And so to A Scandal In Belgravia, the first of three new Sherlocks, charged with the tricky task of topping one of the most triumphant debut series of all time. Within the first two minutes, writer Steven Moffat made it clear that he wasn’t planning to start things off quietly: a pearly-arsed dominatrix known as “The Woman” entered a bedroom, holding a riding crop, asking: “Have you been wicked, Your Highness?”
“Yes, Miss Adler,” a posh voice replied.
And then the opening title-sequence rolled. Yeah. That’s right. The first episode of the new series of Sherlock was about a Kate Middleton S&M blackmail scenario. In your face, Waterloo Road.
The next hour and a half were, to be scientific, as good as it’s possible for television to be: other programme-makers must have been biting their wrists in a combination of jealousy and awe. Not only does Sherlock have the embarrassment of riches that is a cast-list that reads “Benedict Cumberbatch, Martin Freeman, Lara Pulver, Rupert Graves”, but its episode subject was the potent one of “Sherlock Holmes and love”. Having spent the first series setting up Holmes as one of the foremost men of the 21st century — all milk and ice and billion-dollar synapse-blinking — this series seems to be about examining his weaknesses instead. They’ve built him up — now they’re going to knock him down. Or, in this case, blow him up, by throwing a fantastic pair of tits at him.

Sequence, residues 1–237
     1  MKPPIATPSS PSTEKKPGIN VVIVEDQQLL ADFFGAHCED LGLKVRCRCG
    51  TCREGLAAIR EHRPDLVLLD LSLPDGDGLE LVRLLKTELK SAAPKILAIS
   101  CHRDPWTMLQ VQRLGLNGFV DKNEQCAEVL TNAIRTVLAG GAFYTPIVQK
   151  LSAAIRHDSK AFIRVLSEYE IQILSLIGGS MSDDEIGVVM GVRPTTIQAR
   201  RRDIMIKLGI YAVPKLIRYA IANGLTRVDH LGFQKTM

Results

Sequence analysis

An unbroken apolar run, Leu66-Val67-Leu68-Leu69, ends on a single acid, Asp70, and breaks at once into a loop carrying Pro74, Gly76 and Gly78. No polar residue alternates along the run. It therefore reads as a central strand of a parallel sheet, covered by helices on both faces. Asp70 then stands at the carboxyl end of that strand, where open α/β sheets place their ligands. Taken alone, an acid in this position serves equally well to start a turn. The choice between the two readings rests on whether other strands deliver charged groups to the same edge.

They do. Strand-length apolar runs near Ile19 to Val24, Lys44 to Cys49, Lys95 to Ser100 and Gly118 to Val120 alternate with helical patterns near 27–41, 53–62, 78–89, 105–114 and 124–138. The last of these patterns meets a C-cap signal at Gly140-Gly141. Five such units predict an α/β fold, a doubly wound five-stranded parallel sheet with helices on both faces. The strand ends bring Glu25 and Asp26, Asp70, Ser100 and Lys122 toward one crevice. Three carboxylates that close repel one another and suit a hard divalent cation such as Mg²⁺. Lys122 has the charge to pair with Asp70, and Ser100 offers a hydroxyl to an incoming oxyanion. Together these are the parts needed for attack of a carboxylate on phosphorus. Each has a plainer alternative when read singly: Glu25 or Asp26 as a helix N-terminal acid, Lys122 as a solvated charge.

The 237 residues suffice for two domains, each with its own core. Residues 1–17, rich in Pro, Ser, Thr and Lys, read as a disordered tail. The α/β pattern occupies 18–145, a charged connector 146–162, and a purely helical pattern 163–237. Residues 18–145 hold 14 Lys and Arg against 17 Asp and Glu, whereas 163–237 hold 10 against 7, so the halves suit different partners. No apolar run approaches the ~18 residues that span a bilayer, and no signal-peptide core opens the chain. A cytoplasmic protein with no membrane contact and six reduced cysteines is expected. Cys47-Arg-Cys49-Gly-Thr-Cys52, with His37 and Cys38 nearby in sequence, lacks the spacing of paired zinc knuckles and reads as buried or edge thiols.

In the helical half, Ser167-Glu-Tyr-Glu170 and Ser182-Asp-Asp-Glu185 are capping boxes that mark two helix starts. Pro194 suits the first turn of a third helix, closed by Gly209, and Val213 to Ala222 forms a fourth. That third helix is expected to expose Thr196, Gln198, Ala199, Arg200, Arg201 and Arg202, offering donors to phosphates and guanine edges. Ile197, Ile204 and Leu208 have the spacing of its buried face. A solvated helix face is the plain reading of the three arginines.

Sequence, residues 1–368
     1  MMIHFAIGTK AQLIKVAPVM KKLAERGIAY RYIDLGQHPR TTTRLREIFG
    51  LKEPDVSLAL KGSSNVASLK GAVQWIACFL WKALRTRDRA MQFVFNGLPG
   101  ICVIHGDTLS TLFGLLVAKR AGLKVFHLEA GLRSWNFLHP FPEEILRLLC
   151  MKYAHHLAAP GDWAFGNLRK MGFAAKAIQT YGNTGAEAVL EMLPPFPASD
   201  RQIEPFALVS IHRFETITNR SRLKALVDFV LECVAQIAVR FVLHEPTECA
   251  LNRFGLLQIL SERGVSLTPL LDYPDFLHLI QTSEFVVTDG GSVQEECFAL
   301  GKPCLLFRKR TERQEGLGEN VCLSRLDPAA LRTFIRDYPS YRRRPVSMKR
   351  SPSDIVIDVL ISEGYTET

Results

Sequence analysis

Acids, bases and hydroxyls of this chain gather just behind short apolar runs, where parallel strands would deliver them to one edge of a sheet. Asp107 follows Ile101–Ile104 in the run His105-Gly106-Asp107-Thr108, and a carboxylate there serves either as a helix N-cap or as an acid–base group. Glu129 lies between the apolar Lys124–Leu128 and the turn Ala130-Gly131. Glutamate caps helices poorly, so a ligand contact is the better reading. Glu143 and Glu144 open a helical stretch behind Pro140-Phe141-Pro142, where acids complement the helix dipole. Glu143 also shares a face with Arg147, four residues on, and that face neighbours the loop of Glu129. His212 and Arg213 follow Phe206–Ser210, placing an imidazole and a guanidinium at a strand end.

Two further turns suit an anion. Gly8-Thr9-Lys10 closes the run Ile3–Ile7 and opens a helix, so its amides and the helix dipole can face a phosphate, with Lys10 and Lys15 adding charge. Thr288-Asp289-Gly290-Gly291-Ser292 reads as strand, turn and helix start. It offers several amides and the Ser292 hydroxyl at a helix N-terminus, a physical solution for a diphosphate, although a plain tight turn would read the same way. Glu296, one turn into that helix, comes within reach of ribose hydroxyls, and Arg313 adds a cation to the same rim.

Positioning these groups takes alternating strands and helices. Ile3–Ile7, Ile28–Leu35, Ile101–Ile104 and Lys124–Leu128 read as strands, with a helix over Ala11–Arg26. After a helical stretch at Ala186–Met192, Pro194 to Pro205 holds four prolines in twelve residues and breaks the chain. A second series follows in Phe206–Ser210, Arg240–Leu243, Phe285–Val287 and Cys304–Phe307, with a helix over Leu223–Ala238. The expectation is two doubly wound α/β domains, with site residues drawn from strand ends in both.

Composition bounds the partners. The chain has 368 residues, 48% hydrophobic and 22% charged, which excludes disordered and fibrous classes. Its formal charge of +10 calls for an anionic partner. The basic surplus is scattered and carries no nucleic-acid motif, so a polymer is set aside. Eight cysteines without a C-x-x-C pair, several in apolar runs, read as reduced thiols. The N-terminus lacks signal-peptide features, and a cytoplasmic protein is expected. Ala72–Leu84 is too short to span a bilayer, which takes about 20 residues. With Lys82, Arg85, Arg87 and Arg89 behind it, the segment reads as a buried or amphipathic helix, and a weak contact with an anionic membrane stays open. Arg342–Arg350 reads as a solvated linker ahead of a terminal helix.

For Sherlock cannot fathom Irene Adler — “The Woman” — a high-class dominatrix with incriminating pictures of Middleton (it’s hinted, anyway, if never made obvious) on her phone. Played by Lara True Blood Pulver, Irene Adler lives in a beautiful house of monochrome damask and her lipstick is as red as damask roses. On the orders of the Palace, Holmes is sent to the monochrome house to retrieve the pictures, and Adler prepares for his arrival.
“What will you wear?” her lover/assistant, Kate, asks.
“The Battle Dress,” Adler replies.
When Holmes arrives — pretending to be a vicar, ridiculously; he’s already acting like a div — she greets him naked. The Business Suit. He’s pole-axed by her — not just by the quiet authority of her bare arse, swishing past him on the sofa, but her face, too. He cannot read her. Holmes, who can read everyone — he glances at Watson for reassurance: notes his shoes mean he has a date tonight; his stubble that he used an electric shaver — cannot decipher a single thing about Adler. She can hide herself wholly, even when naked. Particularly when naked. After all, as she reminds Holmes: “However hard you try [with a disguise], it’s always a self-portrait.”
Holmes is so stupefied by the novelty of being outsmarted that he doesn’t even realise he fancies her, at this point.
And Adler, against all her judgment and nature, fancies Holmes, too. Adler is as clever as Holmes, but also as damaged: she keeps blackmail material on her phone because she “makes her way in the world” with a series of deals and dodges; she has “friends” she regularly sedates with the syringes in her bedside cabinet. Nearly everything in the world bores her. Sex isn’t fun — it’s just a job. What really excites her are detectives, and detective stories. Despite being a lesbian, what ultimately excites her is Sherlock Holmes.